Muhammad received his first revelation in 610 and from the beginning experienced staunch opposition from the Meccan tribal leaders. When in 622 he was able to “emigrate” to Medina (the Hijra), it was after at least one attempt on his life. Mecca had vowed to destroy the nascent community of Muslims, Jews and polytheists ruled by Muhammad in that desert oasis. To be sure, it did not help that Muhammad’s fellow immigrants from Mecca now made it a practice to raid Meccan caravans. But the course of war had been set from the start. And now from Medina it unfolded: first, a decisive victory against great odds – the Battle of Badr (624); then a defeat – Uhud (625); finally, the Battle of the Trench, during which a formidable Meccan army retreated after an unsuccessful forty-day siege (627). All this time, both Jewish and polytheist Medinans (and “hypocrites” ) had tried to help the Meccans against Muhammad. This is called political treason in any polity in the world.
Herein is the context of the “sword verses.” They come from the last revealed sura (“chapter” – there are 114 altogether), Sura 9, so the backdrop is the later Medinan period, up until the year 630 when Muhammad rode victoriously into Mecca with a vastly superior army. (Incidentally, it is the only sura NOT prefaced by “ In the name of the Merciful, the Compassionate”). The first verse is often quoted with its second half missing: “When the sacred months have passed, slay the idolaters wherever you find them, and take them, and confine them, and lie in wait for them at every place of ambush.” Yet the second half tones it down significantly: “But if they repent and fulfill their devotional obligations and pay the zakat, then let them go their way for God is forgiving and kind” (Q. 9:5). The other verse is more straightforward: “Fight those who believe not in God nor the Last Day, nor hold that forbidden which hath been forbidden by God and His Apostle, nor hold the religion of truth (even if they are) of the People of the Book, until they pay the tax with willing submission, and feel themselves subdued” (Q. 9:29). It should also be noted that the Quran uses the word “to kill” or “fight to kill” in almost all instances of fighting in God’s cause; rarely is “jihad” used for this. But in the legal literature down through the centuries it was used in this way.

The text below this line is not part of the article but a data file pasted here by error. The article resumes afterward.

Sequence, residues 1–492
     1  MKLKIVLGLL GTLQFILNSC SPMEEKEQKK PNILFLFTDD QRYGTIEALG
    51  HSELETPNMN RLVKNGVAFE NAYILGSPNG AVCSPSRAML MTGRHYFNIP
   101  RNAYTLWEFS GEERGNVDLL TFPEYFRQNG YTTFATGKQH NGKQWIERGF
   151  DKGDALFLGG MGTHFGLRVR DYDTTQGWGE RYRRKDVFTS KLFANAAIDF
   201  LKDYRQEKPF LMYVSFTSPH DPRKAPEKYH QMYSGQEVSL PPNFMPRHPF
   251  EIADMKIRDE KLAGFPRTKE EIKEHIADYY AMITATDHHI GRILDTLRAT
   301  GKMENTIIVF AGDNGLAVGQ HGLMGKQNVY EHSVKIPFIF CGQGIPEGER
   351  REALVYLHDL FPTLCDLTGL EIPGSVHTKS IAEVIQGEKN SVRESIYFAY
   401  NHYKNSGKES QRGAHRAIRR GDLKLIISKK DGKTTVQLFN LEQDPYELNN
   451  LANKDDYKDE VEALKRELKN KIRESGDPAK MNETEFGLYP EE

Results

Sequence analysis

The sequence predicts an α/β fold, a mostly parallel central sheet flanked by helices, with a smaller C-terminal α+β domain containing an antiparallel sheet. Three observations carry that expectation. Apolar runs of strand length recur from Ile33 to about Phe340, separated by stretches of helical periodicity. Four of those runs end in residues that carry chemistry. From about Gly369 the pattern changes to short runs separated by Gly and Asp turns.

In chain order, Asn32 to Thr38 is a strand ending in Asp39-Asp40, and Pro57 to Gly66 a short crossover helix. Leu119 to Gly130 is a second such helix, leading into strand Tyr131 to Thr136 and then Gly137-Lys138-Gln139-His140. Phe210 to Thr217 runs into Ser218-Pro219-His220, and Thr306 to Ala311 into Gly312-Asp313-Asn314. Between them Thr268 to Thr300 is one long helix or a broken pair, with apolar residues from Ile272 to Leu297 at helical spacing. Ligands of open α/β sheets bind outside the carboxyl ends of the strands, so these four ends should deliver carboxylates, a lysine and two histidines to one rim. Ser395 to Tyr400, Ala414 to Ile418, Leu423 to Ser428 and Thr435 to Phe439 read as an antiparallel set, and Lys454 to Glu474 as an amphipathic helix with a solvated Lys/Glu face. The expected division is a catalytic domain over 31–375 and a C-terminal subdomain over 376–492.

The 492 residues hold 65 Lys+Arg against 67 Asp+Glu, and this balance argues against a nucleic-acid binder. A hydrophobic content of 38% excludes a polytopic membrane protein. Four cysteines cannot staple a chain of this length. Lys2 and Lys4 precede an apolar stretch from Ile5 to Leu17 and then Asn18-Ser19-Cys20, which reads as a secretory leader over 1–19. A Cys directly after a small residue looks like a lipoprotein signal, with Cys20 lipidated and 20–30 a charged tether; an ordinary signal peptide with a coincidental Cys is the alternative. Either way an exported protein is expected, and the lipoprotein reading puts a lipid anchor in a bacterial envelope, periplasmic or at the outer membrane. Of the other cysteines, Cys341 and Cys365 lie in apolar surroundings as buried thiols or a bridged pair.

Fast forward to the 20th century . . . Sayyid Qutb, the chief propagandist for the Muslim Brotherhood at the time of Egypt’s October Revolution in 1952, disagreed with the more moderate wing of the movement that had renounced violence. In his writings, he advocated a return to the classical version of jihad, that is, that Muslims should fight to extend the borders of the Abode of Islam and thus reduce the size of the Abode of War. Wage an all-out war; aim to conquer the world, and when that is achieved, give people the “freedom” to accept Islam or not. But the state will be an Islamic one, following the classical dictates of Sharia law (as you know from my previous blogs, this is Qutb’s imagining an ideal divine law that could be applied, ready-made, to the world as it is today – Sharia is in fact a very contested term!).
Contrast this worldview with that of the Muslims, who at the risk of their life have been protesting and demonstrating in the streets of Tunisia, Egypt, Lybia, Syria, Yemen and Bahrain, asking for democracy and civil freedoms. The “Arab Spring,” as they call it, potently proves that bin Laden and his associates badly lost the battle for the hearts of the Muslim masses. Jihad is a much wider, and for the vast majority of Muslims, a much more peaceful idea.